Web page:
“Mr Trump represents neither the danger his critics claim nor the magic elixir many of his supporters crave,” the paper wrote, adding he would instead shake up the US capital’s “political elites.”
In Vegas, Obama hit the campaign trail for Clinton and Nevada’s Democratic Senate candidate Catherine Cortez Masto.
For the president, Democrats have the winning hand.
“You’ve got an ace, and you’ve got a jack,” he said, giving in to the urge to use a blackjack metaphor in Sin City.
“But you’ve got to make sure to turn over the card by voting,” he added.
“The game ends on November 8th!”

Syria’s Kurds restore ancient names to Arabised towns

Tuesday, 25 October 2016 00:00 Published in Commentary

Hasakeh, Syria — On a dusty road in northeast Syria, a woman and her four children stand beside a freshly erected green sign for Joldara, the Kurdish name of her village known for decades as Shajra.
As part of an ambitious project by Kurdish authorities, hundreds of towns and villages in northern Syria are shedding Arabised names adopted in the 1960s in favour of their traditional Kurdish ones.
In Joldara, 70-year-old Abdulrahman Hawas Hamo recounts the history of his village’s name as he fixes an old white truck in his yard.
“Joldara in Kurdish means a plain covered in trees,” he says.
“This was the name of the village before it was Arabised by the Syrian government in 1962 and changed to Shajra,” which means tree in Arabic, he explains.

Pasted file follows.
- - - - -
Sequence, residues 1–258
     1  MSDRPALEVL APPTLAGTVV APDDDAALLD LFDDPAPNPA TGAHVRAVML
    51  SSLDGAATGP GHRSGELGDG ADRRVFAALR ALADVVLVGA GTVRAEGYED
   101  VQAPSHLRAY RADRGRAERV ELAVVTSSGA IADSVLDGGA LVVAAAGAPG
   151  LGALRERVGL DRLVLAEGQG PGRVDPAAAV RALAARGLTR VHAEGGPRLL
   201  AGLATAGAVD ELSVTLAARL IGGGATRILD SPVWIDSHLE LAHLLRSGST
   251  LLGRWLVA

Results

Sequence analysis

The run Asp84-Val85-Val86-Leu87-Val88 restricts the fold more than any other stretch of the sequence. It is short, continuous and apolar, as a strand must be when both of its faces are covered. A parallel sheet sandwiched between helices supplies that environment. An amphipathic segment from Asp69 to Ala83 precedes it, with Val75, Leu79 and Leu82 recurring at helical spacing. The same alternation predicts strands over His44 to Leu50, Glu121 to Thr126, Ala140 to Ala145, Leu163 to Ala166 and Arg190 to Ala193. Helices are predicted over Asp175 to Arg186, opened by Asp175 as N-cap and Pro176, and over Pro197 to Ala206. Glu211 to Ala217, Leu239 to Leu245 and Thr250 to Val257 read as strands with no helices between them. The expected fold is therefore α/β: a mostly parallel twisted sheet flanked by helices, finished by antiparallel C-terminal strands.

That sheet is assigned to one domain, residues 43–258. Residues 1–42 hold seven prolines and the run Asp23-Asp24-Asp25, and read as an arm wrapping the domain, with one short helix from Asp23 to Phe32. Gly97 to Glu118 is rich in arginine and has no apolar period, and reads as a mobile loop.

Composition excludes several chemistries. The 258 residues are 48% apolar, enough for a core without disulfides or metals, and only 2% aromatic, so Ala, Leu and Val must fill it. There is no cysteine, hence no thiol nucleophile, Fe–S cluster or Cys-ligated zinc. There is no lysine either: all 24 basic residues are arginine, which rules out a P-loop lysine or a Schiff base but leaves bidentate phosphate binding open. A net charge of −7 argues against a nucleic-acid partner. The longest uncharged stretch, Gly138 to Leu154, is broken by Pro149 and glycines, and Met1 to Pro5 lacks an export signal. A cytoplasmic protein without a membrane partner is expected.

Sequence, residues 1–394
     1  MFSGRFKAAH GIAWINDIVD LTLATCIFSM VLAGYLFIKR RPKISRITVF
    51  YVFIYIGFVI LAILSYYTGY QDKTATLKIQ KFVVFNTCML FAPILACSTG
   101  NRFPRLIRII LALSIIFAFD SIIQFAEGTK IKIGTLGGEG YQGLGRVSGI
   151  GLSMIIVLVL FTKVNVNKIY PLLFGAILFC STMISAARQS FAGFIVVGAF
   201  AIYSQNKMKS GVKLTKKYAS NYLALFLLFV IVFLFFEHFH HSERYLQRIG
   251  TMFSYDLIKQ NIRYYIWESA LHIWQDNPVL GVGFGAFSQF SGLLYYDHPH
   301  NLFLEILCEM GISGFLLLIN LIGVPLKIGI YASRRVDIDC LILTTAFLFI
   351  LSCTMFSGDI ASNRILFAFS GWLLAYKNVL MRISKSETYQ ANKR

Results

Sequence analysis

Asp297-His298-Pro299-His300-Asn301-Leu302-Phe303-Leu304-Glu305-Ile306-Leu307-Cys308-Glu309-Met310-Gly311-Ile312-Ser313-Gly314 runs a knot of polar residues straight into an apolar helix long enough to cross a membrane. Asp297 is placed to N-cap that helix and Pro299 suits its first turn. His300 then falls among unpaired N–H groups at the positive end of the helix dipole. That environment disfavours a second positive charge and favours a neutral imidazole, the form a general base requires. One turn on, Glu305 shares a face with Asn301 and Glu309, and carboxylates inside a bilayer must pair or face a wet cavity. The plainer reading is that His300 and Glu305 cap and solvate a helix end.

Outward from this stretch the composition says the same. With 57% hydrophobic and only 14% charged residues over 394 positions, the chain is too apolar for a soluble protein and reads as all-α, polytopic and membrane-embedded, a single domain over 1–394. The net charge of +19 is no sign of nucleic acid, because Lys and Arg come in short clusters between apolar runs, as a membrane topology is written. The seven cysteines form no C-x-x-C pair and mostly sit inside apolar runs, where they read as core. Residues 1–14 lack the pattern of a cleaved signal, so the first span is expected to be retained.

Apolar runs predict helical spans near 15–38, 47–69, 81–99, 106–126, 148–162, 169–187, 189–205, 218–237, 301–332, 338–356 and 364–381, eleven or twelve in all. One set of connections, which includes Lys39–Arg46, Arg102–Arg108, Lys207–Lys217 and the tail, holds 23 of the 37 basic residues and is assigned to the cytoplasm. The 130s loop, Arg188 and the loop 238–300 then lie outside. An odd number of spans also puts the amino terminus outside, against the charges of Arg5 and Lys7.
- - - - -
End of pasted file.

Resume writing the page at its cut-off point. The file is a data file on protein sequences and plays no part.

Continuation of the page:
A handful of modest one-room mud houses make up the village, which lies in Syria’s arid Hasakeh province against a backdrop of dry hills.
The roads into and out of Joldara are lined with new signs bearing the Kurdish names of nearby villages in both Arabic and Latin script.
Syria’s Kurds, who number about three million, have been denied basic rights for decades by the ruling Baath party.
The community was banned from speaking or teaching the Kurdish language and celebrating Kurdish feast days and some were barred from holding Syrian nationality.
The names of hundreds of villages and towns were also Arabised in the government’s official registers — but Kurdish authorities are now reversing the procedure.
‘Original, historical names’
Soon after Syria’s uprising erupted in 2011, President Bashar al-Assad granted citizenship to thousands of Kurds and regime troops withdrew from Kurdish-majority areas in 2012.
Since then, Kurds have erected a parallel system of institutions, complete with schools and police units, to govern swathes of the country’s north.
“We are not renaming towns and villages — we are returning to their original, historical names,” says Joseph Lahdo, co-chairman of the autonomous municipalities commission in Hasakeh.
Local committees are being consulted on the original Kurdish name of their hometowns.